Location of board

Frederick Chancellor Building, Victoria Road South


Frederic Chancellor (1825 to 1918) was a notable local Victorian architect, archaeologist and surveyor. He began his career in 1846, working for James Beadel & Sons. By 1860, he had set up his own practice, and was joined by his son in 1896. He was the President of the Essex Archaeology Society from 1908 to 1911 and was one of the first governors of Chelmsford High School for Girls. He was also the first Mayor of Chelmsford, serving seven terms between 1888 and 1906.

Frederic Chancellor wearing Mayoral robes

Frederic was a prolific designer credited with over 730 works, 570 of which were in Essex. He worked on a wide range of buildings, including churches, farm buildings, and private and public buildings.

He has a blue plaque dedicated to him in New London Road.

Latterly, Chancellor was best known for churches, of which he built and restored over ninety, but in his early days, farm buildings were his forté.

Notable local works include:

  • the Corn Exchange (which was demolished in 1969)
  • 212 New London Road (former home of Farleigh Hospice)
  • 66-68 Duke Street, built as a bank (1853)
  • St John the Evangelist in Ford End (1871)
  • St Johns Hospital (1889)
Red brick church with bell tower and large porch

Frederic Chancellor Building

This building was designed by Chancellor as Chelmsford's former public library, and science and art school. It is a Neo-Tudor building mixed with Baroque motifs, and is now known as the Frederic Chancellor building.

Built between 1904 and 1906, it was used as the town's public library until 1935, when the new premises were completed on Duke Street. The Chelmsford and Essex Museum was also housed here before moving to Oaklands House in 1929.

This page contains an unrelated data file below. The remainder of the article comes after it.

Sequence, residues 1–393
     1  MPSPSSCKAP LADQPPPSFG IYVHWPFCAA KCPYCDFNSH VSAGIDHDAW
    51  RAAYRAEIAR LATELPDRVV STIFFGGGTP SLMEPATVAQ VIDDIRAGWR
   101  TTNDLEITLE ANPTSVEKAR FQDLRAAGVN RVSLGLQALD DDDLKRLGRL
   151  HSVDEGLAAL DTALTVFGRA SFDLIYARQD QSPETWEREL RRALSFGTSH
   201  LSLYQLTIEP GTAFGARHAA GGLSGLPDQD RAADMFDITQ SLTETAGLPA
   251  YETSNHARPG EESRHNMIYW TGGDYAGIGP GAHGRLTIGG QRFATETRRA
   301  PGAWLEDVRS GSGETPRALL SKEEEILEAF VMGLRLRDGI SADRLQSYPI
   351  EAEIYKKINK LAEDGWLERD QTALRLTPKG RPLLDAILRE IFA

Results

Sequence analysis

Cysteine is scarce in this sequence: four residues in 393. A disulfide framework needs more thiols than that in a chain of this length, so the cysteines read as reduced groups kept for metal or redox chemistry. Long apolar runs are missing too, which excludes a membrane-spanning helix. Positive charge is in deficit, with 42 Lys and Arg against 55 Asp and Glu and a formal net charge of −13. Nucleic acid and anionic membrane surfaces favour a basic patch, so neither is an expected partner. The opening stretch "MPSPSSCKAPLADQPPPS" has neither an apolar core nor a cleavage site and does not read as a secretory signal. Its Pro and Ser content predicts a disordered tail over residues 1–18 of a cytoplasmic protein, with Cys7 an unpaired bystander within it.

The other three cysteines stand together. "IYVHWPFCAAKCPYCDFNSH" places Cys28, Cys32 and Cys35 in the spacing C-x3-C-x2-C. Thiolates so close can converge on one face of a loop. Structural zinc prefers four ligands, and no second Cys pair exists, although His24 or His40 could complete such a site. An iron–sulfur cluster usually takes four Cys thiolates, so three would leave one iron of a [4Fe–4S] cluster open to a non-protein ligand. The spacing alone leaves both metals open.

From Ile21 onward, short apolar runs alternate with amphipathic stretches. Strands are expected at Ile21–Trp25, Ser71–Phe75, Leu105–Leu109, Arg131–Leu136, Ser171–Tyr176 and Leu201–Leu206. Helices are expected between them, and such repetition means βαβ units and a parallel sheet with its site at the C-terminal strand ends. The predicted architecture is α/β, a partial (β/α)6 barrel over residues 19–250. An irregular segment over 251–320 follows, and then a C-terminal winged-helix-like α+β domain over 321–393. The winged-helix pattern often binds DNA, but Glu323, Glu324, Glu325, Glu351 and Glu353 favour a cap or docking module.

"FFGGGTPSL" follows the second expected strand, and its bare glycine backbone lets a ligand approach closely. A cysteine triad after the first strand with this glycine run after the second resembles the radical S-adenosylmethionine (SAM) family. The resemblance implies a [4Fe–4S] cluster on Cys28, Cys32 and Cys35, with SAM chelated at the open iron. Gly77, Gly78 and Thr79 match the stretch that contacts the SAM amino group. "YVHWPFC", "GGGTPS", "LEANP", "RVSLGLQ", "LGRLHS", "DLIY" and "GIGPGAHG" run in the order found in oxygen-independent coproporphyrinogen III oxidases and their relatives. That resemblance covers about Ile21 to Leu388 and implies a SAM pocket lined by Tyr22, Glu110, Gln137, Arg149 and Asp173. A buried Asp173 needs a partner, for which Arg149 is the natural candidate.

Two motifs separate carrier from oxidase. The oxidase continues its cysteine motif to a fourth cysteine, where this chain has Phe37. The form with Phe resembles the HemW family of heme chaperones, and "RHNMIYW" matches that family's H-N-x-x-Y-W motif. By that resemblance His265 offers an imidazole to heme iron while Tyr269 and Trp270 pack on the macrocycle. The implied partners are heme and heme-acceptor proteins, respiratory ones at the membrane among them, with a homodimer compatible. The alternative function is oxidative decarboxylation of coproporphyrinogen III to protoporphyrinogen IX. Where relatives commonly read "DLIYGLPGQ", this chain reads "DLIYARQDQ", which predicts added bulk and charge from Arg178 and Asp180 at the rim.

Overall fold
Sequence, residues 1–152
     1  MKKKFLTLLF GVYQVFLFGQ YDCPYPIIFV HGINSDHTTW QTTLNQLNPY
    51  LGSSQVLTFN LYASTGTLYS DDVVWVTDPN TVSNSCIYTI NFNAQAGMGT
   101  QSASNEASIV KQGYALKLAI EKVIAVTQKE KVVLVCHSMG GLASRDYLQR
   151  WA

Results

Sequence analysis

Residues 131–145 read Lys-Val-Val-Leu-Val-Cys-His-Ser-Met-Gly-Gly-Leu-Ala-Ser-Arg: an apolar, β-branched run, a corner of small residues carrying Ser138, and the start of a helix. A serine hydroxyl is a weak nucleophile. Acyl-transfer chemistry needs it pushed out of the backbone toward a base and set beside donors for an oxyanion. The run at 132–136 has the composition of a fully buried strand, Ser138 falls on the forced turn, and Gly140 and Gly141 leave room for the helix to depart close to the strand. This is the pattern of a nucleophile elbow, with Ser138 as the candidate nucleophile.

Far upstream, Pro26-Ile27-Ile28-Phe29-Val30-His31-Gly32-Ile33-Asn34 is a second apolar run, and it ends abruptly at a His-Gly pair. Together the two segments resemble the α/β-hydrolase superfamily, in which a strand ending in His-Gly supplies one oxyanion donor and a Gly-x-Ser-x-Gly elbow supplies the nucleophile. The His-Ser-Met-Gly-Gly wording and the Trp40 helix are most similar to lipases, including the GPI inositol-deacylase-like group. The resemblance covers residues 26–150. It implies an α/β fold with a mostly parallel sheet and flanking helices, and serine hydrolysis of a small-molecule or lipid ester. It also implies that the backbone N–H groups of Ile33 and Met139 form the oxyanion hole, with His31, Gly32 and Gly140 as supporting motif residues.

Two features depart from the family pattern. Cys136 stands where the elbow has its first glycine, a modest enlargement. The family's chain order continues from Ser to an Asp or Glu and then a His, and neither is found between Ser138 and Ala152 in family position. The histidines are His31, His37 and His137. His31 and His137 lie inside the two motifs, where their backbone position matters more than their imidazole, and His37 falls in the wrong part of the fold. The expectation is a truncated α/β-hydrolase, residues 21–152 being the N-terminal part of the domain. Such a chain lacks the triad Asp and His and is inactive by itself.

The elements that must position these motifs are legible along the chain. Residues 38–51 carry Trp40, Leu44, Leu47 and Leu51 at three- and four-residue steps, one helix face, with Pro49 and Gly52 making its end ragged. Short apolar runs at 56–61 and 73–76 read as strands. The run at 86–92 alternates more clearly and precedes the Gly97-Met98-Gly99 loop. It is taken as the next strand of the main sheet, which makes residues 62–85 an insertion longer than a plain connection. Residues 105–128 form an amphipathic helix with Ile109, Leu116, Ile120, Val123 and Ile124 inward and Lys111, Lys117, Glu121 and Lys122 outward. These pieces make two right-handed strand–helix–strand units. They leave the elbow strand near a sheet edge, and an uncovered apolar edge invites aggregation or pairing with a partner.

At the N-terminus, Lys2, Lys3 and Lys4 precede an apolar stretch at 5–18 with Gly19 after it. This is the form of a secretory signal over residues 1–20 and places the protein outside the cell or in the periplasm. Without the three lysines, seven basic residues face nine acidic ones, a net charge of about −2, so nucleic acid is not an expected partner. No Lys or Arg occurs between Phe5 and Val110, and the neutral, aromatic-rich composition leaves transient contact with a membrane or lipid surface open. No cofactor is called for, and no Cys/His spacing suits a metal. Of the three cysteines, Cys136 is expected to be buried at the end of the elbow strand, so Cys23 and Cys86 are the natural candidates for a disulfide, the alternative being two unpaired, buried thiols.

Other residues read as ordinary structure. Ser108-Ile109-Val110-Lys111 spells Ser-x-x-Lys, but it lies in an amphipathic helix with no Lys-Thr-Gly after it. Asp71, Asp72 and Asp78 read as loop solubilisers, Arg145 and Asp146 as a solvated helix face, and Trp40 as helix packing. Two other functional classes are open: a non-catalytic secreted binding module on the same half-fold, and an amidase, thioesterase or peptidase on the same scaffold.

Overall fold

Large red brick building with three separate fronts to it (illustration)

The building then became the Mid Essex Technical College and School of Art, which was the precursor of Anglia Polytechnic University, now Anglia Ruskin University (ARU). It is now occupied by Notting Hill Genesis, as part of the City Park West urban quarter.

The previous educational use of the building meant it was part of a group of civic public buildings within the West End Conservation Area. It is on the Council’s Register of Buildings of Local Value as an important Edwardian building of historic, architectural and townscape value, as well as its association with an important local architect.

Law Building and Baptist Church

The Baptist Church that lies adjacent to the Frederic Chancellor Building harmonises well with its neighbour. Completed in 1909, it was constructed after the former library and was designed by another prolific architect William Hayne. Much like Chancellor, Hayne was best known for designing many churches across Essex.

The building behind the former library was designed by County Architect, John Stuart in 1931. This building, sometimes referred to as the East Building, was built as the School of Technology for the Mid Essex Technical College and School of Art. It became better known as the Law Building as part of the ARU campus and was converted to offices during its redevelopment in 2015. The building was constructed using a darker brick than its neighbour and is a good example of an Art Deco style building.

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